“One of the main uses of river sand is pre-loading, because it weighs less than comparable volumes of other sand products, such as bank sand or pit sand,” Carlson says. “River sand consistently weighs between 1.55 and 1.65 tonnes per compacted cubic metre, which gives it a weight advantage of between 10 per cent and 20 per cent over other types of sand. That can add up to big savings, by reducing the number of tonnes required to achieve the desired volume.”

Mainland also supplies recycled concrete and asphalt products from demolitions and repaving projects.

Mainland operates four distribution yards and two producing quarries and produces more than five million tonnes of sand and gravel products per year, which makes it one of the largest suppliers in the Lower Mainland.

The company has a wide variety of customers: Construction job sites, road builders, railways, utilities, contractors, builders of single- and multi-family housing, marine contractors, municipalities, and provincial and federal governments.

Mainland has a large fleet of equipment. The company’s rolling stock includes 13 Caterpillar front-end loaders; one Volvo front-end loader; and five Komatsu front-end loaders. In addition, it has eight Caterpillar rigid-frame trucks, three Caterpillar 740 articulated trucks, one Caterpillar 345 D excavator, one EC 380D Volvo excavator, one EX 1100-3 Hitachi excavator and one PC Komatsu excavator.

The company’s complement of support equipment includes one Caterpillar 14G grader, one Caterpillar 236 skid-steer loader and one Caterpillar Telehandler. Mainland has two drills: one Ingersoll Rand DM45E down-the-hole (DTH) drill and one Sandvik D25 KS DTH drill.

Mainland’s Cox Quarry has three crushing plants equipped with crushers, screen decks and conveyors. It also has a portable crushing plant and wash plant. In addition, Cox has a 3,500-foot conveyor feeding a barge loading system.

At Jamieson Quarry, all the production is contracted out to Pacific Site Concrete.

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Mainland uses a variety of transportation resources for moving aggregates to its customer base throughout the Fraser Valley.  The Jamieson Quarry ships 100 per cent of its aggregate products by truck.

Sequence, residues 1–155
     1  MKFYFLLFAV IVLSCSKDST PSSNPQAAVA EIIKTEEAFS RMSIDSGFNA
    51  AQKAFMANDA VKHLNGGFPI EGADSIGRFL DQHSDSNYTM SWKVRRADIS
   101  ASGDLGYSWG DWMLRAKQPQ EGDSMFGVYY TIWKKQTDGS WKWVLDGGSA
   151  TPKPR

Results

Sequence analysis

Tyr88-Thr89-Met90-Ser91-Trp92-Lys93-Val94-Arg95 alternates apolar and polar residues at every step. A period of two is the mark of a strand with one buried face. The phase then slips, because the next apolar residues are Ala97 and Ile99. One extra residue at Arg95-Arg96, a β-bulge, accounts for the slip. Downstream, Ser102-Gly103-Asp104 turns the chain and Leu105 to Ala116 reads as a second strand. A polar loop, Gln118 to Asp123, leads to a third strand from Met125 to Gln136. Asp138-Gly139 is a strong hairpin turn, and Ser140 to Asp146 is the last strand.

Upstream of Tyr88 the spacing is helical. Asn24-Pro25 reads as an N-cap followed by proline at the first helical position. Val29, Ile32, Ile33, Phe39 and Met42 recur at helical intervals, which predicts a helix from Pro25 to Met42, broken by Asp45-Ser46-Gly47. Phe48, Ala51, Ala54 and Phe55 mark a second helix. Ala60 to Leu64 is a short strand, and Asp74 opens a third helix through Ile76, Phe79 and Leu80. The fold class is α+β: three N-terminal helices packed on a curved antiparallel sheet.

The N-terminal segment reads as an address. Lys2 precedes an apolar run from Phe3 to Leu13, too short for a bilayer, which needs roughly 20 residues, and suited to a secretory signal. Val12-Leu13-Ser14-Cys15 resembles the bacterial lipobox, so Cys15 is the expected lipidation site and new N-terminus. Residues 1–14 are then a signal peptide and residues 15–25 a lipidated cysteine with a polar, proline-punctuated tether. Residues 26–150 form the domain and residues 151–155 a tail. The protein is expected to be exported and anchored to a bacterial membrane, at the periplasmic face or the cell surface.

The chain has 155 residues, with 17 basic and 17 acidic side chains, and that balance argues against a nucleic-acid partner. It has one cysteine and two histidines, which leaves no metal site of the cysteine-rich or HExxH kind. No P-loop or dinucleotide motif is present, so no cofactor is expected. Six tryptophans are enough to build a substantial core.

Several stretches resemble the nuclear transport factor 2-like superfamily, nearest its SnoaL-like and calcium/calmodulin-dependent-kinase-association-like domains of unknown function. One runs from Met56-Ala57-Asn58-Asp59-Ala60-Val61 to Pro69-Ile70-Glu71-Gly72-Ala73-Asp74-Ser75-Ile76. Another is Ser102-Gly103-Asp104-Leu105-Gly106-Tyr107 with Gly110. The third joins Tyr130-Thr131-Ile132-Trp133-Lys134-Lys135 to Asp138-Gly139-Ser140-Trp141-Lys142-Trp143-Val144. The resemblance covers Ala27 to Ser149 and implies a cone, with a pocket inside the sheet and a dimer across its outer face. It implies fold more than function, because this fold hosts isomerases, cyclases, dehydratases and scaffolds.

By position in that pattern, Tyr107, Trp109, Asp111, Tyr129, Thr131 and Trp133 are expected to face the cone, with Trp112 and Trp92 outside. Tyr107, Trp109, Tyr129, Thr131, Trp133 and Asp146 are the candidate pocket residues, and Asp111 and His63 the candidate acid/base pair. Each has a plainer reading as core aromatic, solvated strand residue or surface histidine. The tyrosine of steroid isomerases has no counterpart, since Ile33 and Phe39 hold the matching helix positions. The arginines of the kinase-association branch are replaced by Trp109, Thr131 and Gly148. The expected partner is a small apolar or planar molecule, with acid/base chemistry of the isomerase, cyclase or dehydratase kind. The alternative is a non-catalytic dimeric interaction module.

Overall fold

Recent equipment purchases include two new Caterpillar 980 H loaders, two new Caterpillar 775G quarry trucks, one new Volvo L35 OF front-end loader, one new Volvo EC380D excavator, one new Komatsu WA900-3 front-end loader, one new Komatsu WA600-6 front-end loader and two new Pacific Industrial Scale portable weigh scales.

Carlson says the reason for the purchases is that during the recession the company didn’t replace much of its older equipment.

“Now we’re catching up and adding new capacity,” he says. “And in the next 12 months, we’ll be looking to buy more equipment, such as articulated trucks, a front-end loader, and crushing, screening and conveying equipment.”

Carlson says Mainland buys, rather than leases, all of its equipment. “It’s the most cost-effective way to finance the purchase of our equipment,” he says.

Mainland has 100 full-time employees: 75 are operators and 25 are management and office staff. Carlson says the company has had no trouble finding employees. “We have a good reputation in the industry,” Carlson says. “In the future, however, it might be harder to find young men and young women to replace staff as they retire.”

The Carlson family is still Mainland’s sole owner. In addition to president Ted Carlson, founder Laurie Carlson is CEO and Laurie’s youngest son, Brent Carlson, is vice-president.

Ted Carlson says what makes Mainland different from its competitors is that it doesn’t compete with its customers by doing contracting or placing work.

“We have grown horizontally rather than vertically, to appeal to as wide a customer base as possible,” he says.